Narooma is renowned for its pristine waters and scenic beauty, but some people fear its reef is in danger of being loved to death.
Constant boat traffic and fishing are contributing to damage at Wagonga Inlet reef, and divers who have seen the damage firsthand say while the reef’s condition is not yet critical, it is under pressure.
Francois Van Zyl, owner of Narooma-based diving company Underwater Safaris, said Narooma is known for its warm waters, with many holidaymakers who dive through his company saying it feels as if they’re at the Great Barrier Reef.
“The beautiful reefs here are something we don’t want to lose,” he said.
Fortunately, the NSW South Coast inlet has been targeted for restoration as part of a new environmental project restoring reefs around Australia.
The Federal Government’s $20 million Reef Builder project aims to revitalise reefs that are close to extinction, and it is already restoring 14 Australian reefs, with 34 potential sites identified.
“I’ve never heard of this before, but it sounds like it is what our reef needs,” said Mr Van Zyl.
While the environmental factors are important, the project has also been economically beneficial, according to Federal Minister for the Environment Sussan Ley.
“The Reef Builder initiative is helping revitalise shellfish reefs across the country, while creating local jobs and supporting economic recovery of communities affected by the bushfires and COVID-19,” she said.
The proposed initiative will not just bring back life to the shellfish reef at Wagonga Inlet, but also add new oyster habitats.
An extra 1700 square metres of Sydney rock oyster habitat will be created, as well as 1000 square metres of reef for native flat oysters.
Mr Van Zyl said this is important as there are many shellfish divers in Narooma.
“Waters are warm in Narooma so it is perfect for shellfish diving,” he said. “Lots of these areas are in need of restoration.”
The new funding is also being welcomed by oyster farmers in the area, with a spokesperson for Narooma Bridge Oysters saying the water quality is degrading at an alarming rate.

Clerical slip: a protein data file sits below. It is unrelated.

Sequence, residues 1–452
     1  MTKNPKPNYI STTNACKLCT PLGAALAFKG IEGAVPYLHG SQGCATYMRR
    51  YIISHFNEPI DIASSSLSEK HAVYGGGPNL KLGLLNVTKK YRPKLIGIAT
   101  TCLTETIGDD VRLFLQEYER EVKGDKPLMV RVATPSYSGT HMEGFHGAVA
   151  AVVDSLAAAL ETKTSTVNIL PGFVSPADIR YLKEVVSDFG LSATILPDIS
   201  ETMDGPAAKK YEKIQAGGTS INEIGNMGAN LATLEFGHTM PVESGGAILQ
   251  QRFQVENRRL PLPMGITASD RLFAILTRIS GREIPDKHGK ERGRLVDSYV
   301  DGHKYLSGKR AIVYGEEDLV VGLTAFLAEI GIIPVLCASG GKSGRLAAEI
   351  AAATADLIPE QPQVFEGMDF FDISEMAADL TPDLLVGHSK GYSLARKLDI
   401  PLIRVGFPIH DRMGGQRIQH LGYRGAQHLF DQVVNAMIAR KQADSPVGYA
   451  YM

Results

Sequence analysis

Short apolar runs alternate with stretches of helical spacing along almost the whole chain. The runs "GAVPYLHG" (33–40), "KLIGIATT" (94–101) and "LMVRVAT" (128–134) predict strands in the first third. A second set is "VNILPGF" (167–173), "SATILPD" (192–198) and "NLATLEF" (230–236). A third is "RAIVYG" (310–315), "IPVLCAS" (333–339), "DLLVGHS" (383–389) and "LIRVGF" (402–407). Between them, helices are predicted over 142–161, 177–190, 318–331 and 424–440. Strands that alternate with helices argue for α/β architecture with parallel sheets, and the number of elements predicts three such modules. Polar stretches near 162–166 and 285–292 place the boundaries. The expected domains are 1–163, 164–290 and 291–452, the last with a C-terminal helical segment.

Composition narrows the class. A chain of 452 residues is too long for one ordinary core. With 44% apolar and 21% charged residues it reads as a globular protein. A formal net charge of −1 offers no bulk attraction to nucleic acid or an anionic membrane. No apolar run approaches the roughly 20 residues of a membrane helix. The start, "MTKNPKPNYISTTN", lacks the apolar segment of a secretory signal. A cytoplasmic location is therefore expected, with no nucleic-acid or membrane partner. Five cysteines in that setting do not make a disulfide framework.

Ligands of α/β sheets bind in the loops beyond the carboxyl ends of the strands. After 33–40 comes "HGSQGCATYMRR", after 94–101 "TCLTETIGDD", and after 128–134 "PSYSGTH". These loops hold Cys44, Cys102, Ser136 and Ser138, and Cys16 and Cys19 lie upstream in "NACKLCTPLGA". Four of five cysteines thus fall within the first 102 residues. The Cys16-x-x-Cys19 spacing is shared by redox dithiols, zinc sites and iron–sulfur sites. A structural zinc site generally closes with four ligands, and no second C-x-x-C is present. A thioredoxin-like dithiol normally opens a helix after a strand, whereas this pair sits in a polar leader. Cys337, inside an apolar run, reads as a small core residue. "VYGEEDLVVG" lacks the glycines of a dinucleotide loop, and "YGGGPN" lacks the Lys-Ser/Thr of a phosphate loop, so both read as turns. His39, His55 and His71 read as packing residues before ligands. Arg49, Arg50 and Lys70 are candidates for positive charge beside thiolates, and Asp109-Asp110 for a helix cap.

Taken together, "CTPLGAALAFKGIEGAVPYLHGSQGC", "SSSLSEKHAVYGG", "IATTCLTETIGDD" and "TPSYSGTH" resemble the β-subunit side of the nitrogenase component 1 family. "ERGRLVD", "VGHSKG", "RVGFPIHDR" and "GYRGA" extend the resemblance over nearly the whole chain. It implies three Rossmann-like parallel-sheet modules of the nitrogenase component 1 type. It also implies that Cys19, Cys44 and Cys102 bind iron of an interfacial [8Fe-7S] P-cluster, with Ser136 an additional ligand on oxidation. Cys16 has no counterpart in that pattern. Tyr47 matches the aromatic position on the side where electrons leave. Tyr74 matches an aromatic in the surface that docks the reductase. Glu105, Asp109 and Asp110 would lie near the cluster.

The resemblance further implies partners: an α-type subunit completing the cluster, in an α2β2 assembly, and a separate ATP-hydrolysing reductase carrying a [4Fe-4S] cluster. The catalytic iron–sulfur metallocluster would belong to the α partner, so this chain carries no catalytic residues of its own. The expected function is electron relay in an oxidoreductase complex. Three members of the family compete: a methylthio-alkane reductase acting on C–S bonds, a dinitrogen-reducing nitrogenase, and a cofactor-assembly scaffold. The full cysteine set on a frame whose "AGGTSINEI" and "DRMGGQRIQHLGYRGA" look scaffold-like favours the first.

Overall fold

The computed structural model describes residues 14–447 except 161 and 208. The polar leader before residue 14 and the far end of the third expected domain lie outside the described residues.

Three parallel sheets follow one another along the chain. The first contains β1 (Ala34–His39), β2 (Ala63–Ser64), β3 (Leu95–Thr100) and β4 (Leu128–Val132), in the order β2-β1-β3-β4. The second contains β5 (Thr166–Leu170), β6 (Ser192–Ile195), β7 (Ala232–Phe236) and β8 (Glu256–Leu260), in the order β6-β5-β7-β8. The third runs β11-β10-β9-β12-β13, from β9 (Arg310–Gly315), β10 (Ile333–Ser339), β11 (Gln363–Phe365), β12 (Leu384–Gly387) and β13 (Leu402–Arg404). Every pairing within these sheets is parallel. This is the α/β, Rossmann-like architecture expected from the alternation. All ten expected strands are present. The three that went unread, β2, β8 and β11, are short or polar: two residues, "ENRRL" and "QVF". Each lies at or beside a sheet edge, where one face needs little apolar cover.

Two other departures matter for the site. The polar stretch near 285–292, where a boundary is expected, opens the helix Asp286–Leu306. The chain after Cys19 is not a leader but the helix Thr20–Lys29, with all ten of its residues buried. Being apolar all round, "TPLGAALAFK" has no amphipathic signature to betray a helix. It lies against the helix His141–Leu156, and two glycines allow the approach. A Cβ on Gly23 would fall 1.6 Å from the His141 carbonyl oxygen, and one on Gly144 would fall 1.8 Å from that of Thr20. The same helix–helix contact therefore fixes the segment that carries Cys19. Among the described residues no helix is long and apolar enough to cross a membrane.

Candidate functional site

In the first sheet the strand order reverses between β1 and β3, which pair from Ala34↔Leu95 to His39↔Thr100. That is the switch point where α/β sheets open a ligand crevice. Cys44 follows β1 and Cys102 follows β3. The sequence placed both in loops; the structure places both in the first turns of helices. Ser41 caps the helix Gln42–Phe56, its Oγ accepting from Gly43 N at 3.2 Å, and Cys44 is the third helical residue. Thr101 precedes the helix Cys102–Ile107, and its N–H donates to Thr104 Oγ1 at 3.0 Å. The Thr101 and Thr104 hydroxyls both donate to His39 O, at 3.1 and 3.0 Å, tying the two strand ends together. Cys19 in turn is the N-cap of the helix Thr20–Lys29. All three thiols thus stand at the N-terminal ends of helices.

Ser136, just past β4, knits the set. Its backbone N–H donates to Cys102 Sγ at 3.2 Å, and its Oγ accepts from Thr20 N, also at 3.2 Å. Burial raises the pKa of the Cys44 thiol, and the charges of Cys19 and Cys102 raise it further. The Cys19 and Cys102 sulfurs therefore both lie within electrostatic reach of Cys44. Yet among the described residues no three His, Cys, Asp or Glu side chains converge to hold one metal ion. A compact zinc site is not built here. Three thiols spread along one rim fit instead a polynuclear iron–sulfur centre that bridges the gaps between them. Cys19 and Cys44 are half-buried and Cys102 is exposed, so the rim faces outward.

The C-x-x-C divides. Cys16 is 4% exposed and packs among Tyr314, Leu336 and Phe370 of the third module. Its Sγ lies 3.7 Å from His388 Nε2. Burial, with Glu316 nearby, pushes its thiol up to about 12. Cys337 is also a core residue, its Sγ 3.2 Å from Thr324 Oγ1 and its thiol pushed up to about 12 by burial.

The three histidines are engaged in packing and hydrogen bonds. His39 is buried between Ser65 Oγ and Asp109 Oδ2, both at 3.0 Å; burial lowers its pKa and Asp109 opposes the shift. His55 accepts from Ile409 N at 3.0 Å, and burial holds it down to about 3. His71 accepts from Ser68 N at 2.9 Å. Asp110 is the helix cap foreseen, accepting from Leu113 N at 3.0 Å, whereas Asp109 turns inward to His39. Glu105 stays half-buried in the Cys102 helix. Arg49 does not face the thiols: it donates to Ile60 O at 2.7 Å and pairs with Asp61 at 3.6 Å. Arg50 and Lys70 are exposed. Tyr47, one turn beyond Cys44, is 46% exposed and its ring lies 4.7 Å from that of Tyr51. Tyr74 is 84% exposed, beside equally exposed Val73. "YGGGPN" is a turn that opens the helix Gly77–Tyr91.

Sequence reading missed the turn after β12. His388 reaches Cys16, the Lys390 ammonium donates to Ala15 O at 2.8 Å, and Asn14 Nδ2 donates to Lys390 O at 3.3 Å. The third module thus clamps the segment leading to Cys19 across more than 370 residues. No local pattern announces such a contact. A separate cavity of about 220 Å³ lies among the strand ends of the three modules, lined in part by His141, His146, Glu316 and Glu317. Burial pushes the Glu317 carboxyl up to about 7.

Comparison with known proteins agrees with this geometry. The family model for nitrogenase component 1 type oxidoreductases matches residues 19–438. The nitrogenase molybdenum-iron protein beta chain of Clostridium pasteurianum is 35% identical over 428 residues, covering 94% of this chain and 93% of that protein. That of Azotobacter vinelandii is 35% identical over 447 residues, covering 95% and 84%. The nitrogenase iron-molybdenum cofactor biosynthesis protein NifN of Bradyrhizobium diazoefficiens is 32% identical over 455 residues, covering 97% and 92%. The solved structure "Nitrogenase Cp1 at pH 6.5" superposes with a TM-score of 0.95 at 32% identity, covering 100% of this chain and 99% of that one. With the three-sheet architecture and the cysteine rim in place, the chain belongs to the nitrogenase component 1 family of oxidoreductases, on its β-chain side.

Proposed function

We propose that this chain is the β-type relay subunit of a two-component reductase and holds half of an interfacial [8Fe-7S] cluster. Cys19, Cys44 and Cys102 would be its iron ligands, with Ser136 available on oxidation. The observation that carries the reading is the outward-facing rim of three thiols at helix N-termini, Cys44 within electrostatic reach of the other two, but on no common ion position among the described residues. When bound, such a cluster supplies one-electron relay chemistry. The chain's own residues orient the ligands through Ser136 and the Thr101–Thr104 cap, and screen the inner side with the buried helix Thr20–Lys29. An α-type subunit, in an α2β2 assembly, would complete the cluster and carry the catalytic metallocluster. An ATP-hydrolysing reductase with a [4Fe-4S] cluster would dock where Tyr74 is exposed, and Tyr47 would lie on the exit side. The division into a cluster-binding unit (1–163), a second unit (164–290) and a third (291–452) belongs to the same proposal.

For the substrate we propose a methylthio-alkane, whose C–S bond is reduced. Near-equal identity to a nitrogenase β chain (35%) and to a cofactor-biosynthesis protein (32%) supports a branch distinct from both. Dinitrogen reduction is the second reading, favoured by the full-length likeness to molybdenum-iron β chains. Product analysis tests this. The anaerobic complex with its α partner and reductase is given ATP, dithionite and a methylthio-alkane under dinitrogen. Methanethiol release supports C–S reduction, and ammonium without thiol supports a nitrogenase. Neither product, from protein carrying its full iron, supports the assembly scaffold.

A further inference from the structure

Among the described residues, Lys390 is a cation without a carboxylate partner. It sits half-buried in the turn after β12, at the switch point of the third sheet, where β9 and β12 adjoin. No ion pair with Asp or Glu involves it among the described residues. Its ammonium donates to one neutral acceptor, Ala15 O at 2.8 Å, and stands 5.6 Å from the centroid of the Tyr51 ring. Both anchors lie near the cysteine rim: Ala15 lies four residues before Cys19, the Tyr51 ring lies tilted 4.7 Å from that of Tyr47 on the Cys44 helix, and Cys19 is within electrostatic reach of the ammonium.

“The degradation of the water quality in Narooma, specifically Wagonga Inlet, is something to behold,” said the spokesperson.
“It truly is worrying so this initiative will hopefully start to fix things.”
Nature Conservancy Australia managing director Alison Rowe said the restoration of reefs around Australia is helping to improve water quality, fish production and overall biodiversity of the coastline.
“Restoring these reefs and saltmarshes will enhance local ecosystems, improve foreshore access, and provide local communities with recreation and sustainable tourism opportunities,” she said.
“It’s a win-win for local communities and the environment.”
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Reef restoration is the main factor being proposed, and while that is important, tourism factors are also being considered as part of the project.
Should the proposals pass, the foreshore at Wagonga Inlet will get a facelift with new additions for locals and tourists.
Residents and holidaymakers can look forward to possible new amenities such as a new jetty and fishing platform, new boardwalk and lookout, improved access to the sand flats, and the restoration of the saltmarsh.
Not only will this upgrade be more aesthetically pleasing, but it sticks to the environmental theme, replacing the rock walls with natural elements to help prevent any further erosion.
“The foreshore could use a makeover,” said Mr Van Zyl. “Our diving business is booking out already over Christmas and tourism this year is going to be massive.
“With tourism growing again, it is important for these areas to be upgraded.”
On Friday, 3 December, residents will have the opportunity to meet with the project team onsite to discuss the proposal and give feedback.
An online survey is available until Friday, 17 December, and it can be found here.